Video games can trigger heart attacks in children with undiagnosed cardiac issues, a study has found.
Some children are born with an irregular heartbeat known as cardiac arrhythmia and may never know unless detected by a scan.
About two million people in the UK live with such a condition, and they can lead relatively normal lives. However, a flare-up can occur at any point and lead to severe consequences, such as loss of consciousness, cardiac arrest and potentially death.
These undiagnosed heart issues have previously been linked to sudden deaths of people playing sports, but now a link has also been seen for computer games.
Scientists said that the excitement, adrenaline and emotional investment can trigger the condition.
Research from the Heart Centre for Children in Sydney, Australia, looked at data from different studies and found the link.
War Games Most Common Cause of Problems
Dr Claire Lawley, the study’s lead investigator, explained: “Video games may represent a serious risk to some children with arrhythmic conditions. They might be lethal in patients with predisposing, but often previously unrecognized arrhythmic conditions.
“Children who suddenly lose consciousness while electronic gaming should be assessed by a heart specialist as this could be the first sign of a serious heart problem.”
The analysis identified 22 cases where video games triggered a loss of consciousness in children, with multi-player war games the most common game played at the time of the incident.
The researchers believed that the dormant underlying heart condition is triggered by the rush of adrenaline children get from the high-octane games they play.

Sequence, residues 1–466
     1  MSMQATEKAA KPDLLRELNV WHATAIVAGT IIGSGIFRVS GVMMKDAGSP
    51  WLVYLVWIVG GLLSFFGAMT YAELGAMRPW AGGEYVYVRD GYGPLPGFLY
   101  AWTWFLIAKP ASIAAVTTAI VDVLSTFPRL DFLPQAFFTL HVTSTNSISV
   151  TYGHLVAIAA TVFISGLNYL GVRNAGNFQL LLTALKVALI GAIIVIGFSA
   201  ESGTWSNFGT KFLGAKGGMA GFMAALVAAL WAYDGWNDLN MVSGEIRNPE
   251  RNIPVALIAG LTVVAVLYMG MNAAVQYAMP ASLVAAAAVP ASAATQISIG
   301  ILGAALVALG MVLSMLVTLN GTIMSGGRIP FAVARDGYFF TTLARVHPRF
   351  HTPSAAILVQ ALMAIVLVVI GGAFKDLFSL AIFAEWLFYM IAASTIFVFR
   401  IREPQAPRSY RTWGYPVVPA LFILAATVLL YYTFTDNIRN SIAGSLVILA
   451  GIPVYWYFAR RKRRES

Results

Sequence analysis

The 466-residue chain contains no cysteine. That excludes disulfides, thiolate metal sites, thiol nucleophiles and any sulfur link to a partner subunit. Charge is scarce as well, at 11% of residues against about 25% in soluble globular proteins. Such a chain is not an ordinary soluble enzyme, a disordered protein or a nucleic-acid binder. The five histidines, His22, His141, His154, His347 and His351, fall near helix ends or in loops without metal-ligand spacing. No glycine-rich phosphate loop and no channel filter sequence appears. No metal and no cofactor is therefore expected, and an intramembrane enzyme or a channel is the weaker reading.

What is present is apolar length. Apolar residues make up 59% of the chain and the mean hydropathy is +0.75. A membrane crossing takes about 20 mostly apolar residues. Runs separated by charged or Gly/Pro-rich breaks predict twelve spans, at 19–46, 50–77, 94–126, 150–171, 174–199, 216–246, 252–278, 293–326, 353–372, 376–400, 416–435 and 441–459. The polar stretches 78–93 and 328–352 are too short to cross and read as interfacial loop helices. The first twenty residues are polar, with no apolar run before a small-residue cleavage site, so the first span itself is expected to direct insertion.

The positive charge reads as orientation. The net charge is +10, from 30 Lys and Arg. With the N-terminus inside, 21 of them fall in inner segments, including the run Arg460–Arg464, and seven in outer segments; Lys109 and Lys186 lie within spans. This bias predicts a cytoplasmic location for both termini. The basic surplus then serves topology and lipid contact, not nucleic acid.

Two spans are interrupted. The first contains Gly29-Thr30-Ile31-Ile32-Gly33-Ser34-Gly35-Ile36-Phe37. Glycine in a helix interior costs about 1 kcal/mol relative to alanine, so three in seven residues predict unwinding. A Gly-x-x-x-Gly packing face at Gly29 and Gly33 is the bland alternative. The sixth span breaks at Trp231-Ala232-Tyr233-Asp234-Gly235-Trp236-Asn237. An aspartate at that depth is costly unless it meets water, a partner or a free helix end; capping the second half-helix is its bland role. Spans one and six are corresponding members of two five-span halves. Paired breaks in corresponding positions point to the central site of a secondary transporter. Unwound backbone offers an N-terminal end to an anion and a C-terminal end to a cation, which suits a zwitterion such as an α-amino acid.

At times of maximum emotional investment, such as after a win or loss, vulnerable children are particularly at risk of cardiac episodes, the researchers said.
Scientists now want any children who have a history of blacking out while gaming to get checked out for potential heart issues as it can be an early warning sign.
Christian Turner, the study’s co-author, said: “We already know that some children have heart conditions that can put them at risk when playing competitive sports, but we were shocked to discover that some patients were having life-threatening blackouts during video gaming.”
He added: “Video gaming was something I previously thought would be an alternative ‘safe activity’. This is a really important discovery. We need to ensure everyone knows how important it is to get checked out when someone has had a blacking-out episode in these circumstances.”
Dr Jonathan Skinner, the study’s co-author, said he was “staggered” to see how widespread the issue is and that it has led to some children dying.
“All of the collaborators are keen to publicize this phenomenon so our colleagues across the globe can recognize it and protect these children and their families,” he added.
The findings are published in the journal Heart Rhythm.